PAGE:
Indian film critics have gone on the rampage against Bollywood criminal Sanjay Dutt’s new film Knock Out, which debuted in theaters today.
An Indian court in Mumbai has already ruled that Knock Out is a copy of the 2003 Hollywood film Phone Booth (Collin Farrrell, Kiefer Sutherland) following a complaint by 20th Century Fox. But the producers of Knock Out managed to get a stay of the court’s ruling by appealing to a two-judge bench.
A lot of Indian films are unwatchable horror-shows and are often outright copies of successful Hollywood or other foreign movies.
Consumed by raw greed, disdainful of others’ intellectual property rights and utterly bereft of shame, Indian film stars are often willful accomplices in the continuing theft of Hollywood/foreign movies.
Unlike Chinese, Italian, French, German, Spanish or Korean films that have won audiences beyond their native countries, Indian movies have failed to attract audiences outside of South Asia or the vast diaspora in the U.S., UK, New Zealand, Middle East, South Africa and South East Asia because the movies are mostly crude, amateur stuff.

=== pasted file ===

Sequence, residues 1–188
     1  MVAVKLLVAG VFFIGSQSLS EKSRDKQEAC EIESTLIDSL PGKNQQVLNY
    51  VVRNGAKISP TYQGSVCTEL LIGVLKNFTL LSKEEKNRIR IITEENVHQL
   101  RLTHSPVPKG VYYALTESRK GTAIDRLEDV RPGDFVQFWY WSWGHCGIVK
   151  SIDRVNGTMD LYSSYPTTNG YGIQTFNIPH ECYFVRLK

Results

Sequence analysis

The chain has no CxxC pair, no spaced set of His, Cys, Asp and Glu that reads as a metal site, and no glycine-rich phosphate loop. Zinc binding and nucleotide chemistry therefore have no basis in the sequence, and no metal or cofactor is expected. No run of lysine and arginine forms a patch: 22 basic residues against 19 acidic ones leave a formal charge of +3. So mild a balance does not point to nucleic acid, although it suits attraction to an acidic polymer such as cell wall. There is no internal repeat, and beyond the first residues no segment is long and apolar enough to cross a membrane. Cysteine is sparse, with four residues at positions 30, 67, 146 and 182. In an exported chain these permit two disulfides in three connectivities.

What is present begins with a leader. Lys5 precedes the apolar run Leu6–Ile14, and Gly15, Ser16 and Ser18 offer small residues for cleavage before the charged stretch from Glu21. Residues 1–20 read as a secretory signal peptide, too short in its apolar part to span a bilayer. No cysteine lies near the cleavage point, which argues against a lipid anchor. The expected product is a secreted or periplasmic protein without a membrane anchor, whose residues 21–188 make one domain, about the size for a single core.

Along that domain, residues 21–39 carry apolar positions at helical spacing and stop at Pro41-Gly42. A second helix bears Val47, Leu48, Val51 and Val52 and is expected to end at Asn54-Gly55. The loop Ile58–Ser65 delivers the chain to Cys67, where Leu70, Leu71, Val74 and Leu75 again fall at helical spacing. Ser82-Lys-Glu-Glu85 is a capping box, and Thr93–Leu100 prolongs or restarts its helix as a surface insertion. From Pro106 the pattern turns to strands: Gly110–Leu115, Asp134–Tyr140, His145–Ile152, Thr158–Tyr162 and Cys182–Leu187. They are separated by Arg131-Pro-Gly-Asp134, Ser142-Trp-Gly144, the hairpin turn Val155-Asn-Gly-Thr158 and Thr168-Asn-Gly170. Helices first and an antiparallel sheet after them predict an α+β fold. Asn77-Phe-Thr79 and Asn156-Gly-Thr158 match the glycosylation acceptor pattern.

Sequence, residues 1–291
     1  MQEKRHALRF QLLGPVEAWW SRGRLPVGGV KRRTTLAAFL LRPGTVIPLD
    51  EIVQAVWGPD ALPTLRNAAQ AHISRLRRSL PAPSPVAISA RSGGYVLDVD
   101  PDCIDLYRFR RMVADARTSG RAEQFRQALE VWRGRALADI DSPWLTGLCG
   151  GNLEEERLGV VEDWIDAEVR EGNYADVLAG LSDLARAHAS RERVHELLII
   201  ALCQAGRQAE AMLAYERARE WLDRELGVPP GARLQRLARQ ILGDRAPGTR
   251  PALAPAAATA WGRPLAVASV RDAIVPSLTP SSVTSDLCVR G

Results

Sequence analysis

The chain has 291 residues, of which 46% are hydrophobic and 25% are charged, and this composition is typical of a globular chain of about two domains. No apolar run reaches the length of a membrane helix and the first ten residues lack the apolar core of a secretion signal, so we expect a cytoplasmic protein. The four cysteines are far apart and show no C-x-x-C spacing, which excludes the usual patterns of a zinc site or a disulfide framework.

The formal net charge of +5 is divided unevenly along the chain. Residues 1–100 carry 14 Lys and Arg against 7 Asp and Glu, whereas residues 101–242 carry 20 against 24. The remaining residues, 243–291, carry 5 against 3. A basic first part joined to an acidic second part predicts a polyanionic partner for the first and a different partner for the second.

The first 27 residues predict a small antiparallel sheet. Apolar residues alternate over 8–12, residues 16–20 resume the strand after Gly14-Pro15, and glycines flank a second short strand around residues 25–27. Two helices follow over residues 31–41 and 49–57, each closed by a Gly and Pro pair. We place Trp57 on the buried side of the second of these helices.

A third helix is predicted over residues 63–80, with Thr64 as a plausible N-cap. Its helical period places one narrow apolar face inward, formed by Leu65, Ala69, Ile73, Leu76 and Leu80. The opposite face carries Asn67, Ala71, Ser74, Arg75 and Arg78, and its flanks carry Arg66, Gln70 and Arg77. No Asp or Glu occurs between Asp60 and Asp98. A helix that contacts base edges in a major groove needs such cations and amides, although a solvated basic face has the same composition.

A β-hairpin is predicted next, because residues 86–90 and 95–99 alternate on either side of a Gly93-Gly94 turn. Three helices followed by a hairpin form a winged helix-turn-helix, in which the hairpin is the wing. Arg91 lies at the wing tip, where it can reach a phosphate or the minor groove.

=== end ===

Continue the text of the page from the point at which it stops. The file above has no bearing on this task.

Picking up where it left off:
Knock Out is in limited release in the U.S., presumably because the producers are scared of the legal repercussions. The movie is playing at Anil Ambani’s Big Cinemas theater in North Bergen, NJ, a few miles outside the Midtown Tunnel in Manhattan and a few other theaters elsewhere.
Here’s what a sample of Indian movie critics had to say on Knock Out:
Wish the filmmakers had just knocked out the idea of making the film in the first place….
The level of ridiculousness rises as the film progresses. The first half is still tolerable, because you think you have the second half to look forward to. But the nonsense only intensifies after the interval.
With almost the entire film stationed around the phone booth and the events unfolding in real time, the storytelling could have been focused. Rather it becomes one-dimensional and fails to generate the necessary tension between the lead characters though it had immense scope for it. The proceedings appear repetitive and senselessly stretched. With its single-setting, the film largely relies on its wordplay but Shiraz Ahmed’s dialogues are uninspiring and mediocre….
Allan Amin’s dhishoom dhishoom action sequences in the climax lack the punch….
Knock Out only beats around the booth and will leave you conked out. Enter at your own peril.
An old joke about Indian politicians goes that a corrupt politician isn’t one who takes bribes.
He is one who takes bribes and still doesn’t get the work done. After watching Knock Out, I thought we should apply this to filmmakers also: so a mediocre filmmaker isn’t one who steals blatantly. He is one who steals blatantly and still can’t come up with a half decent film….
If Mani Shankar had faithfully copied Phone Booth, we might have had a reasonably diverting thriller but his original additions, which echo the vigilante justice angle of A Wednesday, reduce Knock Out to a cartoon.